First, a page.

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Alberta – Restrictive interpretation of exceptions to stay applications – #754

In 2329716 Alberta Ltd. v Jagroop Randhawa, 2023 ABKB 297, the Court of King’s Bench stayed interim and injunctive relief applications pending a resolution of the parties’ dispute in arbitration. The Court found that the Respondent’s application for interim and injunctive relief related to arbitrable matters covered by the arbitration clause in the parties’ agreement, and that the summary judgment exception in ss. 7(2)(e) of the Alberta Arbitration Act did not apply because: (a) there had been no application for summary judgement; and (b) the Applicant did not attorn to the Court’s jurisdiction by seeking declaratory orders (in a previous proceeding that had been dismissed on procedural grounds) and injunctive relief (at the stay application hearing).

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Ontario – Doctrine of separability cannot apply where contract nonexistent – #749

In Ismail v. First York Holdings Inc., 2023 ONCA 332, the Court of Appeal for Ontario upheld an order denying the appellant’s motion to stay an action in favor of arbitration under s. 7 of the Arbitration Act. The motion judge had denied the order because the motion was based on an arbitration clause in an agreement that was never legally formed. This deprived the alleged arbitration clause of any legal force. This case illustrates one of the rare instances to which the doctrine of separability of the arbitration agreement cannot extend.

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Ontario – Appeal allowed where arbitration agreement “invalid”; Arbitration Act not engaged – #746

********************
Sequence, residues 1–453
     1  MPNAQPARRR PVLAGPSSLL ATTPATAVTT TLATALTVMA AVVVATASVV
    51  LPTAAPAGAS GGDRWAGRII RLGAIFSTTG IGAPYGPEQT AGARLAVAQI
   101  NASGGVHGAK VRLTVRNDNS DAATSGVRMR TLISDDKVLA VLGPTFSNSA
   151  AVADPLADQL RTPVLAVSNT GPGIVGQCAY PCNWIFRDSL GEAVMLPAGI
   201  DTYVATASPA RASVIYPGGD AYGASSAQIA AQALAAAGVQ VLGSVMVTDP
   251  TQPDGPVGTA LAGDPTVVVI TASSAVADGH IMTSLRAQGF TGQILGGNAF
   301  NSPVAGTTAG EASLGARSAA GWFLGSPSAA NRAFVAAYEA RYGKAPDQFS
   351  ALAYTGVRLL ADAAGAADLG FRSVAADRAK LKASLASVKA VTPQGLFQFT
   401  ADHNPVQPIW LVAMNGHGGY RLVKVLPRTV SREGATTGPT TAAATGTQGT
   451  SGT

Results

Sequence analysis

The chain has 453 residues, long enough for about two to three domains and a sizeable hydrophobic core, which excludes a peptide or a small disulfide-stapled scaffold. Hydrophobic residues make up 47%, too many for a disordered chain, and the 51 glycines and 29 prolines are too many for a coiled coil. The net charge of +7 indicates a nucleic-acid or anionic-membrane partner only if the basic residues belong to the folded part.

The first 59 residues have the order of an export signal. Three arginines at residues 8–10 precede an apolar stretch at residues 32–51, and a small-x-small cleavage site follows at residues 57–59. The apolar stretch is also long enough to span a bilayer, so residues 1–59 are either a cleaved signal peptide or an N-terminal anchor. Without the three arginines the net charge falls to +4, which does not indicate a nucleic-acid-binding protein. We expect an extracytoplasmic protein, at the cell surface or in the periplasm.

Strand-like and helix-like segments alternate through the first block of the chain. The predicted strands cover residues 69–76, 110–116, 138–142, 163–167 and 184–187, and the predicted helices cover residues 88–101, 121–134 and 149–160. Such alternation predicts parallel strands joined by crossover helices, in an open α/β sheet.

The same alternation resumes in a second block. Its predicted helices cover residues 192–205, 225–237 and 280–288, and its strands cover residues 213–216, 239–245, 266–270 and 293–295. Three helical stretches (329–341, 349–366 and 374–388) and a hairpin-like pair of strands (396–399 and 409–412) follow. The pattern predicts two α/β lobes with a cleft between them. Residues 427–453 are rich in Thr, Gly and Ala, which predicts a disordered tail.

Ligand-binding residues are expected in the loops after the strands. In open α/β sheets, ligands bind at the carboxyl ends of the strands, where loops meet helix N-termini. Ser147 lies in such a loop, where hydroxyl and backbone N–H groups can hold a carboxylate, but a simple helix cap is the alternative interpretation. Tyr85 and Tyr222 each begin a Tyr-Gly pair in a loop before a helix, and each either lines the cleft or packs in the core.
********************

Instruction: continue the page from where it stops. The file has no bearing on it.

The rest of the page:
In Goberdhan v Knights of Columbus, 2023 ONCA 327, the Ontario Court of Appeal dismissed an appeal of an order dismissing the Defendant’s/Appellant’s motion for a stay of proceedings in favour of arbitration. The motion judge found that the contracts containing the arbitration agreements were invalid for lack of consideration. He therefore refused the stay pursuant to s. 7(2)2 of the Ontario Arbitration Act, 1991 SO 1991, c 17. The Plaintiff/Respondent argued that no appeal was permitted under s. 7(6), which prohibits an appeal of a stay decision. The Court of Appeal disagreed and found that because the contracts and the arbitration clauses were invalid, the Arbitration Act,1991, was not engaged and there was no prohibition on appeal. The appeal was dismissed on its merits.

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Alberta – “Participating in” not same as “taking a step in” an arbitration – #745

In Dow Chemical Canada ULC v NOVA Chemicals Corporation, 2023 ABKB 215,  Justice Wooley dismissed an application by Dow Chemical Canada ULC (“Dow”) for an order declaring the invalidity of the arbitration pursuant to Section 47 of the Arbitration Act to enjoin an arbitration between the parties. That provision requires that the  party seeking the order has “not participated in the arbitration.”  The Court found that Dow did participate in the arbitration and the case provides a useful framework for what it means to “participate” in an arbitration.